Column: Crucial work being done as the session begins to wrap up

Published 12:00 am Monday, March 25, 2002

House Speaker Steve Sviggum recently said he expects the Minnesota House to finish its business by Wednesday, March 27, before the Easter break.

Monday, March 25, 2002

House Speaker Steve Sviggum recently said he expects the Minnesota House to finish its business by Wednesday, March 27, before the Easter break. At the breakneck speed this session has been going, the Speaker may be right. This past week, the House passed the last fiscal bill that will become part of the negotiations with the Senate to balance the budget. By law, the legislature still has quite a few days left in which members can meet. However, I think it would be a service to citizens if the legislature can wrap up business sooner.

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A primary role for government

One of the primary roles of government – local, state and national – is to provide those essential public services that the free market cannot. This includes the building of public infrastructure such as roads and sewers, and police and fire protection. Protecting citizens and their property is job number one. That’s why, not long after the tragic terrorists attacks of Sept. 11, state lawmakers pledged to shore up homeland protection here in Minnesota.

I and other House members passed a $22 million anti-terrorism package on Thursday that gives state and local law enforcement more tools to deal with potential acts of terrorist acts in light of the Sept. 11 tragedy. The new legislation also makes changes in crime prevention measures as well, making it easier for law enforcement to prosecute individuals for acts of terrorism and related crimes.

While you may not see visible changes at your area police and fire departments, I’m confident that this new set of anti-terrorism, anti-crime provisions will enable our public safety agencies to work more effectively. The legislation also ensures that our first responders are better protected in their job while they work to ensure the safety of the citizens they are pledged to protect. This is good legislation and I am proud to support it.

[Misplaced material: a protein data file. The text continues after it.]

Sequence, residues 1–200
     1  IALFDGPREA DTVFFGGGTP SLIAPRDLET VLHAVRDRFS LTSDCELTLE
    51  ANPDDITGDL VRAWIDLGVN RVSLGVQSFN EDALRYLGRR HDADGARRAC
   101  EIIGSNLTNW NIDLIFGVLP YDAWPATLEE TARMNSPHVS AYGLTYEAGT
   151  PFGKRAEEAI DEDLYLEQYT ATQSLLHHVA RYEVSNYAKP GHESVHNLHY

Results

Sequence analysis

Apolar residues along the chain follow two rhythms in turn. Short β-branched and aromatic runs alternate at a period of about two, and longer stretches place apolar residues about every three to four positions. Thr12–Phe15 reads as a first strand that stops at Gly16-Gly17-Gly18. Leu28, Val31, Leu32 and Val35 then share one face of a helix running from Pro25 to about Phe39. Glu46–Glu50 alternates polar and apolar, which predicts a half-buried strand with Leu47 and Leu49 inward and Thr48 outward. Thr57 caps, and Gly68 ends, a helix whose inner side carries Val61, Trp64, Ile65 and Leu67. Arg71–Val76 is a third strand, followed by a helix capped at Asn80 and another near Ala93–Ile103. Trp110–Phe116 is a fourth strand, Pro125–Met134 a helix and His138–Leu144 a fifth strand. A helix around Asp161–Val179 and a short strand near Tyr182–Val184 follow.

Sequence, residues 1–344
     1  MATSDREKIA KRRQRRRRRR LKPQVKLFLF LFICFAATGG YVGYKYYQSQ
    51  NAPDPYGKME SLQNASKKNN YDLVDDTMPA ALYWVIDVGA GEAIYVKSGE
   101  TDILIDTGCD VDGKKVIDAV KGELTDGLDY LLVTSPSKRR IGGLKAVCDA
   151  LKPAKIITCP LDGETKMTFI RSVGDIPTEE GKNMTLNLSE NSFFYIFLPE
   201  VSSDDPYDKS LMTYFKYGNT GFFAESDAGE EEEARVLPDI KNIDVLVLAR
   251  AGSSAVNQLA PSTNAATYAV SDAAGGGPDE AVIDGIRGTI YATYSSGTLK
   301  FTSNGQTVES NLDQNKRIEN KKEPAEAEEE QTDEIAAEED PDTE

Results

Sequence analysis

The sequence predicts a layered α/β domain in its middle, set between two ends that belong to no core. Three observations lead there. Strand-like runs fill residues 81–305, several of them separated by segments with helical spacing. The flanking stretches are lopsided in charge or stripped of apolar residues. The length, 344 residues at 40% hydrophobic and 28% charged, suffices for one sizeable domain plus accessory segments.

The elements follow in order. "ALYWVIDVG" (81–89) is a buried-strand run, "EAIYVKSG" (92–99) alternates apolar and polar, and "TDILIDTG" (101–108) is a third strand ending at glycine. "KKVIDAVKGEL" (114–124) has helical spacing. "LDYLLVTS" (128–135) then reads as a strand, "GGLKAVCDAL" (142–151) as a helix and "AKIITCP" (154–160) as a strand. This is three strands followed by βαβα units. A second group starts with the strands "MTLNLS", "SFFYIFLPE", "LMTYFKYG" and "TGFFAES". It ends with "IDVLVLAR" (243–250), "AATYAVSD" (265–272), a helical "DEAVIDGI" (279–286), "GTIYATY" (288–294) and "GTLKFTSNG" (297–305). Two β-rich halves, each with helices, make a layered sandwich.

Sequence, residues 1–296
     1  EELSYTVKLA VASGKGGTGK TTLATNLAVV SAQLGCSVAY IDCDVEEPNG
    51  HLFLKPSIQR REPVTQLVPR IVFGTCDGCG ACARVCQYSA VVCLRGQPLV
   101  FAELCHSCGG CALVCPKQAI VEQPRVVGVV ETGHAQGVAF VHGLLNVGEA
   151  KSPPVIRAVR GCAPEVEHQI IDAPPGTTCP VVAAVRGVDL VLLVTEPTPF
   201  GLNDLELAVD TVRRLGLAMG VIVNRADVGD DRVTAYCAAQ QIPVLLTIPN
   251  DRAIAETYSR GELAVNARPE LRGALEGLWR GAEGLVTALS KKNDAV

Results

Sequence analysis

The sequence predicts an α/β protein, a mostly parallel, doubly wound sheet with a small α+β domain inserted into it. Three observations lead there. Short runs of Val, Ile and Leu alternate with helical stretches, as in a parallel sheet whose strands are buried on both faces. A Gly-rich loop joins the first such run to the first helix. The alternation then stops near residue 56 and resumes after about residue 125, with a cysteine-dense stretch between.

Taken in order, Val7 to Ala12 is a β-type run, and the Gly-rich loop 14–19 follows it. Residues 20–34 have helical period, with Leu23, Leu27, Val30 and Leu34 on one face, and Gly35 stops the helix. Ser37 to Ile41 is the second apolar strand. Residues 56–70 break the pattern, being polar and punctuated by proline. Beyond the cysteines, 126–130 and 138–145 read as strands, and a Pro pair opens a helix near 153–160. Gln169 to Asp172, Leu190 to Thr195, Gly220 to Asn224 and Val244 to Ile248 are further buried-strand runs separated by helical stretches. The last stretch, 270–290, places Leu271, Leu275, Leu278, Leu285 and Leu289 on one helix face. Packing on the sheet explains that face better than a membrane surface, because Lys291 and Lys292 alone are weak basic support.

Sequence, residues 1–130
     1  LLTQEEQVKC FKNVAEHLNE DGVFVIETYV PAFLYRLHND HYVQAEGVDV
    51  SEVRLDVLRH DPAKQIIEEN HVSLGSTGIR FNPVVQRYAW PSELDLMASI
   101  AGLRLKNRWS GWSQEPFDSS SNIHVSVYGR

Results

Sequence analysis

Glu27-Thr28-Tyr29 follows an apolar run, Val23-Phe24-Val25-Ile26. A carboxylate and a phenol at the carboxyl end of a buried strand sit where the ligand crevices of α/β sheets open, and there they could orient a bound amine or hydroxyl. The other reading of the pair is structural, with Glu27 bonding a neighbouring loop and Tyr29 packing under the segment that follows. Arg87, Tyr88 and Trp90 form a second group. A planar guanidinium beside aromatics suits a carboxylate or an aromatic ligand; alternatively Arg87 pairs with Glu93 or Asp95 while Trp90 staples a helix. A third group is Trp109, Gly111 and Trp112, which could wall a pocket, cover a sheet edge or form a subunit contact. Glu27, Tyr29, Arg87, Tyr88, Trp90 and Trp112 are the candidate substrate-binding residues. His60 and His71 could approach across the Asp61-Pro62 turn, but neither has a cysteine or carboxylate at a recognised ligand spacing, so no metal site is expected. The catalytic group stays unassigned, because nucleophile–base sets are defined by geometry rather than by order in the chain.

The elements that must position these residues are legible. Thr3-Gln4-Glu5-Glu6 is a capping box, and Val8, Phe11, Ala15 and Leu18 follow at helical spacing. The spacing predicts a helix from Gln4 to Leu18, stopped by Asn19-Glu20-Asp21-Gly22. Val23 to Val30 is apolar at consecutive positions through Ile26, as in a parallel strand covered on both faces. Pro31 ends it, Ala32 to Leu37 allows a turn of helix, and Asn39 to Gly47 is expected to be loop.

Bureaucracy grows

Part of the House plan to address the state deficit included spending reductions in state programs and hiring freezes in state agencies. Some more conservative critics have called for reductions in the number of state employees. This is easier said than done.

A recent staff memo shows how difficult it would be to cut state workers to free up dollars for the state’s general fund. The memo showed that the state Department of Health has 1,240 employees and more than 160 vacancies. What’s interesting is that two-thirds of these employees’ paychecks come from a combination of federal funds and special revenue funds. Thus, many state employees are insulated from across-the-board reductions that would occur to free up state general fund dollars. The other worrisome aspect is that despite calls for a smaller state government, state bureaucracy tends to expand because of the growing use of federal funds. Citizens should be skeptical when state agencies cry foul over state funding cuts.


I was pleased to see the new redistricting plan that the court released this past week. My new legislative House district is growing and will now include the southern portion of Mower County, including the communities of Lyle, Adams, Rose Creek and Elkton, and Nevada, Adams, Windom and Marshall townships. These communities share some of the same concerns about agriculture, education, taxes and economic development that are important to families here in Freeborn County.

Contact Dorman at 377-9441 or at the legislature, toll-free, at 1-877-377-9441. His legislative office address is 579 State Office Building, 100 Constitution Ave., St. Paul, MN 55155. His e-mail address is: